Media sleeping

February 6, 2011 | By | 3 Replies More

Now, in the midst of the popular uprising in Egypt, the mainstream media is educating us that Hosni Mubarak, President of Egypt, has a well-documented history of being a brutally corrupt man who has been betraying and subjugating the Egyptian people for 30 years. And see here.

But why hasn’t the American media been reporting on this obvious fact until recently? Have they been too busy reporting instead on Michael Jackson, Lindsay Lohan, sexual indiscretions of politicians, sporting events, horserace politics, and bickering pundits? Maybe if the American media had been doing its job reporting, even a little bit, on world politics, Mubarak’s despicable rule would not have gone on this long.  The undeniable fact is that our highly consolidated mega-corporate media has been closing down foreign bureaus at a startling rate:

In closing all their outposts abroad, a number of newspapers — most notably the Boston Globe, Newsday, the Philadelphia Inquirer and some Tribune Co. papers — put an end to long, much heralded traditions of delivering foreign news in their own way to their own readers, of covering patches of the globe that their audiences had a particular, sometimes singular, interest in. They covered breaking news and big stories, to be sure. But, perhaps more often, correspondents from these papers were ahead of the news or off it completely, telling stories about interesting people, places and customs that you just couldn’t read anywhere else. They had passports. They wandered. And they took their readers with them.

Many editors say that kind of reporting was a luxury. Now, with some noteworthy exceptions, it is a relic, gone the way of paper tape and the pica pole. Unlike those artifacts of days past, foreign bureaus were not replaced by new technology. They were not replaced at all.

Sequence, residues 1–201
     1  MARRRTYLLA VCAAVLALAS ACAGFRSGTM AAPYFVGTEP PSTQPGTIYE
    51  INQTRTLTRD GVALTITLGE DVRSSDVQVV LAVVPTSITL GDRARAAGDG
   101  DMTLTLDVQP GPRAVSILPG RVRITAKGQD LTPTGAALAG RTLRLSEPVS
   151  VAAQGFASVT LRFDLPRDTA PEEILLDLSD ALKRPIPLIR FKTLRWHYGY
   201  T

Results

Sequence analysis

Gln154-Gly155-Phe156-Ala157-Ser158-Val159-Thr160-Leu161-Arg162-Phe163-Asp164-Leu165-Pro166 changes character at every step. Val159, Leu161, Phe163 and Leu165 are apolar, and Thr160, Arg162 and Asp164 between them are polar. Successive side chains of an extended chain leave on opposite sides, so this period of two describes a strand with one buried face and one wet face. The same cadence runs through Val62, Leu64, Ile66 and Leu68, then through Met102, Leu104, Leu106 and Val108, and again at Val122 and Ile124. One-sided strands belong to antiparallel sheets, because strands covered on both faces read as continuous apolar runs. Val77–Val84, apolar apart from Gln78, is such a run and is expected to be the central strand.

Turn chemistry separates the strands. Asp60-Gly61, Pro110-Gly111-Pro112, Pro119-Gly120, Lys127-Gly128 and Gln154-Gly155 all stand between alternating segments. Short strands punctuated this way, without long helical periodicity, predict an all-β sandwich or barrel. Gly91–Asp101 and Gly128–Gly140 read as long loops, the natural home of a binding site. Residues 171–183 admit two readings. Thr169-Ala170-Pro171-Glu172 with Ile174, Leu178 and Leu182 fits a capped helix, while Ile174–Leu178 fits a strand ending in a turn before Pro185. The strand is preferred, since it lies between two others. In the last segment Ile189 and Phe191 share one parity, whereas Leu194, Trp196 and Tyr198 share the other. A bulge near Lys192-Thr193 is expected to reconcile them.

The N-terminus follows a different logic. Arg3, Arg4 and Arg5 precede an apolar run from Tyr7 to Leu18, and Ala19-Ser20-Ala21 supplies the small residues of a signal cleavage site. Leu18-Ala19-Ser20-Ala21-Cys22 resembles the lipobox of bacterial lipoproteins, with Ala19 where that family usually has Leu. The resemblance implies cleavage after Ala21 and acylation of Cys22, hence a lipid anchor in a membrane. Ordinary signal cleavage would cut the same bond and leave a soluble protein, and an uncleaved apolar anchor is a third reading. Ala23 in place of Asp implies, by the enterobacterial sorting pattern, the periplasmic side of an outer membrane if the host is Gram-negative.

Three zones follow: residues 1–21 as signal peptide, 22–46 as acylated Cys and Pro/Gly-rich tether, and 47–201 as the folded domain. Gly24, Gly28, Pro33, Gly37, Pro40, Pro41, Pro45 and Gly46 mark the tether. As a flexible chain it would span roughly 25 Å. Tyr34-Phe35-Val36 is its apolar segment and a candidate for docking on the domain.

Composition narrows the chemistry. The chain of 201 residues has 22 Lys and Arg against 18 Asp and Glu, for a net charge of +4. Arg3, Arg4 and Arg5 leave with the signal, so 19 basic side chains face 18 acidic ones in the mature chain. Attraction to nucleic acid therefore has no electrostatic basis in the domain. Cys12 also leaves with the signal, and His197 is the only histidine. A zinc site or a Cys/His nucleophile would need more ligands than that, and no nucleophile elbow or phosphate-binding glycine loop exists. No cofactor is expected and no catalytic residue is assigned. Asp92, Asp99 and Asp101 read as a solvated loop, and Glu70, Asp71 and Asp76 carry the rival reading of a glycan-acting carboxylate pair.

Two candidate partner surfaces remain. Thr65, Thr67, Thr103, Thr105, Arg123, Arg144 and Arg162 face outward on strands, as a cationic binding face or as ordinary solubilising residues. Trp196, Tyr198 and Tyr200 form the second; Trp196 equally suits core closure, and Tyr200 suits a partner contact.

What else are we missing because the mainstream media would rather not spend the time and money doing real journalism covering important world events?

One further note.  Why are we now, finally getting any coverage on this popular uprising in Egypt?  Is it because our news outlets suddenly care about burgeoning democracies, or is it that they obsess over images of people fighting in the streets.  Think, also, of how the coverage of the popular uprising in Iran faded once the easily photographed violence subsided.  

We aren’t connoisseurs of world politics.  Rather, we are avid consumers of conflict pornography.

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Category: Media

About the Author ()

Erich Vieth is an attorney focusing on consumer law litigation and appellate practice. He is also a working musician and a writer, having founded Dangerous Intersection in 2006. Erich lives in the Shaw Neighborhood of St. Louis, Missouri, where he lives half-time with his two extraordinary daughters.

Comments (3)

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  1. TheThinkingMan says:

    The sad state of the Human condition.

  2. Erich Vieth says:

    From Huffpo:

    "Egypt's state under Mubarak's regime is an embodiment of corruption," concludes the report, with descriptions of numerous allegations of corruption involving bribery, undue influence and nepotism."

    Again, why was the U.S. supporting this regime? Why wasn't our media heavily criticizing this dysfunctional foreign policy? Because it has long been obsessed with things like Michael Jackson, Paris Hilton, professional sports and all kinds of other entertainment pieces dressed up as "news."

    What the people of Egypt have done is heroic. In addition to liberating their country they have exposed corrupt U.S. foreign policy and the sad state of most American news outlets.

    http://www.huffingtonpost.com/2011/02/11/how-the-

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